“Smartphones are the new platform, and apps are the core,” says Douglas Dixon, an independent technology consultant, author, and speaker specializing in digital media. “In just a year and a half, the Apple App Store for iPhone users has surpassed 140,000 applications, and users have downloaded more than 3 billion apps. — Not bad for a new market that was created only a year and a half earlier.”
At the February 24 Lunch ‘n Learn seminar, Dixon explored the range of apps being developed for these new platforms. Beyond rude sound effects and popping bubbles, developers are leveraging both the intelligence of handsets and the power of back-end cloud computing to provide new kinds of timely
In this screencast, we will show you how to create a maps, edit the map (by adding directions, points of interest via markers, and drawing boxes to highlight areas on the map), and save them to share with others, under the My Maps feature. We also demonstrate how to change the language of the map and the directions you save on the map. To view the screencast, click on the link below (larger view) or on the player. http://www.screencast.com/t/N2UxMTkyNjg
Doug Dixon, Manifest Technology, returned to Princeton to exhibit the hottest, miniature technological wonders in the electronic marketplace, notably media players, communication devices, and audio accessories. On his web site, Dixon maintains a technology blog as well as thematic galleries with information on trends and sample products including detailed specifications and prices about these latest hip-pocket wonders.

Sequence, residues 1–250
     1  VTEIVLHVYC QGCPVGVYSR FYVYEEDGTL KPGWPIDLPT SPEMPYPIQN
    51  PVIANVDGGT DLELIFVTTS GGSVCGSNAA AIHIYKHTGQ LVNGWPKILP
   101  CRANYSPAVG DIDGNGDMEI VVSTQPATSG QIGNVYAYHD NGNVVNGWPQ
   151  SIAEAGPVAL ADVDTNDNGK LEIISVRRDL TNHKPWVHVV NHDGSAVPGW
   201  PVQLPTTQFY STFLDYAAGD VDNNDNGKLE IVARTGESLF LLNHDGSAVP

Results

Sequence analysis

So much fun, or too many choices? As became obvious at his April 23 Lunch ‘n Learn presentation, there’s no one integrated full-featured gadget that does it all. Suggests Dixon, it’s a wonderful, but confusing, world at the electronics store — for consumers as well as manufacturers. What is the industry to do? There’s so much new technology to leverage, so many possible features to add, and so much potential in integrating multiple devices. But you can’t ask customers what they want, because the new devices have not been invented yet. So instead we see a profusion of different combinations of features, form factors, and price points thrown into the market to see what sticks.
In 1965, Intel co-founder Gordon Moore predicted that the number of transistors placed on an integrated circuit would double approximately every two years. That prediction, notes Bernard Chazelle, Computer Science Professor at Princeton, if anything underestimated the results during the past half century and should continue for at least another decade. Moore’s Law, he posits, is responsible for most of the desktop and hip-pocket wonders of the computer age, notably remarkable improvements in processing speed, memory capacity, and network bandwidth.
Moore’s Law correctly predicted revolutionary technological and social change in the late 20th century. But by 2020 if not before, as transistor features approach just atoms in width, Moore’s Law will have run its course. New technologies may replace integrated circuit technologies to extend Moore’s Law for decades; Chazelle argues that the years ahead will usher in the era of the “Algorithm,” a notion which, he contends, may prove to be the most disruptive and revolutionary scientific paradigm since quantum mechanics.
At the December 6 Lunch ‘n Learn, Serge Goldstein, the Director of OIT’s Academic Services, presented “Teaching with a Tablet PC.” Tablets, explained Goldstein, are simply Windows laptops (there are no Mac versions currently) that use a special “pen” rather than a mouse. The screens, which fill the length and width of the tablet, also act as a built in scanner.
The tablets run a special operating system (Windows XP Tablet PC) that recognizes the pen and is able to run all Windows XP applications including Microsoft Office. Microsoft’s new Vista operating system will have built in support for tablets. Some special applications take full advantage of having a pen as their input device.